Text: H.R.353 — 116th Congress (2019-2020)All Information (Except Text)

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Referred in Senate (01/23/2019)

 
[Congressional Bills 116th Congress]
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[H.R. 353 Referred in Senate (RFS)]

<DOC>
116th CONGRESS
  1st Session
                                H. R. 353


_______________________________________________________________________


                   IN THE SENATE OF THE UNITED STATES

             January 23 (legislative day, January 22), 2019

Received; read twice and referred to the Committee on Foreign Relations

_______________________________________________________________________

                                 AN ACT


 
   To direct the Secretary of State to develop a strategy to regain 
 observer status for Taiwan in the World Health Organization, and for 
                            other purposes.

    Be it enacted by the Senate and House of Representatives of the 
United States of America in Congress assembled,

SECTION 1. PARTICIPATION OF TAIWAN IN THE WORLD HEALTH ORGANIZATION.

    (a) Findings.--Congress makes the following findings:
            (1) The World Health Organization (WHO) is a specialized 
        agency of the United Nations, charged with coordinating health 
        efforts within the United Nations system. The World Health 
        Assembly (WHA) is the decision-making body of the WHO, which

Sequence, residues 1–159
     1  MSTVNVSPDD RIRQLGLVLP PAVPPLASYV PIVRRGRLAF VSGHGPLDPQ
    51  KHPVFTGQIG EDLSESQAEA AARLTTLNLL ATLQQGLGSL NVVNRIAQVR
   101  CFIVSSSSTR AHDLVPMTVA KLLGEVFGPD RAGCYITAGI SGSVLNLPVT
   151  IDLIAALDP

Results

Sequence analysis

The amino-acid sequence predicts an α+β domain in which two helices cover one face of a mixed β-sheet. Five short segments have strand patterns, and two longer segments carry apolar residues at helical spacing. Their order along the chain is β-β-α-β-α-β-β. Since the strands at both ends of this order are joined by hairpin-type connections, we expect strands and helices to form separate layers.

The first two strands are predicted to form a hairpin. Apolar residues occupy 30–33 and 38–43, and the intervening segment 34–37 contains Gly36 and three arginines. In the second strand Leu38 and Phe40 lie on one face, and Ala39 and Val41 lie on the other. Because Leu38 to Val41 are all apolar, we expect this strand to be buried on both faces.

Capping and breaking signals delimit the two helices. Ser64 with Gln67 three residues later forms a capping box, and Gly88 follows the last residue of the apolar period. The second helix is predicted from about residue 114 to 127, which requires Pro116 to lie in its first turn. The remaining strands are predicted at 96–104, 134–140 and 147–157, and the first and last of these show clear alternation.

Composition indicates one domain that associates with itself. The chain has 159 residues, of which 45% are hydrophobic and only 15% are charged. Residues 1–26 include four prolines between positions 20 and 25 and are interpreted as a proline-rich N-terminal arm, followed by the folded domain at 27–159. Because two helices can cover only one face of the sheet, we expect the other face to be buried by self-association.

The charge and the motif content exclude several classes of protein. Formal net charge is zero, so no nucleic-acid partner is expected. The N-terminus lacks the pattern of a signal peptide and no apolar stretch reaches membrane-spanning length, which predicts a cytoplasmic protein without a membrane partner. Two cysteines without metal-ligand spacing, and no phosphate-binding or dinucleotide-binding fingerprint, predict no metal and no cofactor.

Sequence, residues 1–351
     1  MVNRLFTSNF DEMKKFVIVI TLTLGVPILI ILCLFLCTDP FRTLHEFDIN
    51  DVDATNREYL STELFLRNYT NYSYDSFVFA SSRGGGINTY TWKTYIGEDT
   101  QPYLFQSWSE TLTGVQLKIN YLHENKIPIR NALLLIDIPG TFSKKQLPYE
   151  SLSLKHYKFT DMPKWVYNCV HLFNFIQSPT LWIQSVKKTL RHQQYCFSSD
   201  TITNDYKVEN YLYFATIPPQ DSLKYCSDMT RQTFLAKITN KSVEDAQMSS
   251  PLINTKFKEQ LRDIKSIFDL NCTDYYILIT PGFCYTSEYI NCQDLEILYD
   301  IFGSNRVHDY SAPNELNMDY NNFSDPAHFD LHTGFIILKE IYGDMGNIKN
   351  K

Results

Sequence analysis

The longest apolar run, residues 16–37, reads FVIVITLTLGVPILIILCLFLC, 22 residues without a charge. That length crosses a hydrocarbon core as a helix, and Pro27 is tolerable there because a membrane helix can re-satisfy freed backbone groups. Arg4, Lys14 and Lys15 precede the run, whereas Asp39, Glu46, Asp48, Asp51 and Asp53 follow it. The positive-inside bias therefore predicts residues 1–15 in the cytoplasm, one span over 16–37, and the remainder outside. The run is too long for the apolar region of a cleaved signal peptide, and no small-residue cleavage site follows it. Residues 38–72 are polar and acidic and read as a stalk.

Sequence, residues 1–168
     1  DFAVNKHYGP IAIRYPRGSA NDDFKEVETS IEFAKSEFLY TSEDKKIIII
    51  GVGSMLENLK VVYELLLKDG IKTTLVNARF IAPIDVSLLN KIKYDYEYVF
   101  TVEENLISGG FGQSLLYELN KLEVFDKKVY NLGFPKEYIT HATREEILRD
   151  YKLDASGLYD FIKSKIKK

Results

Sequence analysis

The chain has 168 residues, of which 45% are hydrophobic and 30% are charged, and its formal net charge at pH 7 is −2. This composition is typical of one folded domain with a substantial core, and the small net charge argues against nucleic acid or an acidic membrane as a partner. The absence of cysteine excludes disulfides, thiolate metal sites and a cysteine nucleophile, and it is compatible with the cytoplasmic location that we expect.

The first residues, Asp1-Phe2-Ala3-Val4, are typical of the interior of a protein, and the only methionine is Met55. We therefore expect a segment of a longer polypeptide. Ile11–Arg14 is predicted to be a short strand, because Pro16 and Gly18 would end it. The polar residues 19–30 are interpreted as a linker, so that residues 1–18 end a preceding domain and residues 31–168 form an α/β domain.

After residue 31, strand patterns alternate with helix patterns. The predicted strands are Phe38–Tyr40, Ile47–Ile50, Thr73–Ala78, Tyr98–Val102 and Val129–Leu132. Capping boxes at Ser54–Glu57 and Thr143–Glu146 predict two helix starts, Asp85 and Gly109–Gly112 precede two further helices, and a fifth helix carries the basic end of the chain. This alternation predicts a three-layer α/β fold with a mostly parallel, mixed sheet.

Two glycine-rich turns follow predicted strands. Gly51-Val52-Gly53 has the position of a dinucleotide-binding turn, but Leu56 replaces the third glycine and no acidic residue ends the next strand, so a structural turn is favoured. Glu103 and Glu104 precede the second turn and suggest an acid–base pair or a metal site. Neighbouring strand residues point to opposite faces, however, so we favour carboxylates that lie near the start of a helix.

convenes annually in May to set the policies and priorities of 
        the organization. Statehood is not a requirement for attendance 
        at the WHA, and numerous observers, including non-members and 
        non-governmental organizations, attended the most recent WHA in 
        May 2018.
            (2) Taiwan began seeking to participate in the WHO as an 
        observer in 1997. In 2009, with strong support from successive 
        United States Administrations, Congress, and like-minded WHO 
        Member States, and during a period of improved Cross-Strait 
        relations, Taiwan received an invitation to attend the WHA as 
        an observer under the name ``Chinese Taipei''. Taiwan received 
        the same invitation each year until 2016, when following the 
        election of President Tsai-Ing Wen of the Democratic 
        Progressive Party, Taiwan's engagement in the international 
        community began facing increased resistance from the People's 
        Republic of China (PRC). Taiwan's invitation to the 2016 WHA 
        was received late and included new language conditioning 
        Taiwan's participation on the PRC's ``one China principle''. In 
        2017 and 2018, Taiwan did not receive an invitation to the WHA.
            (3) Taiwan remains a model contributor to world health, 
        having provided financial and technical assistance to respond 
        to numerous global health challenges. Taiwan has invested over 
        $6 billion in international medical and humanitarian aid 
        efforts impacting over 80 countries since 1996. In 2014, Taiwan 
        responded to the Ebola crisis by donating $1 million and 
        providing 100,000 sets of personal protective equipment. 
        Through the Global Cooperation and Training Framework, the 
        United States and Taiwan have jointly conducted training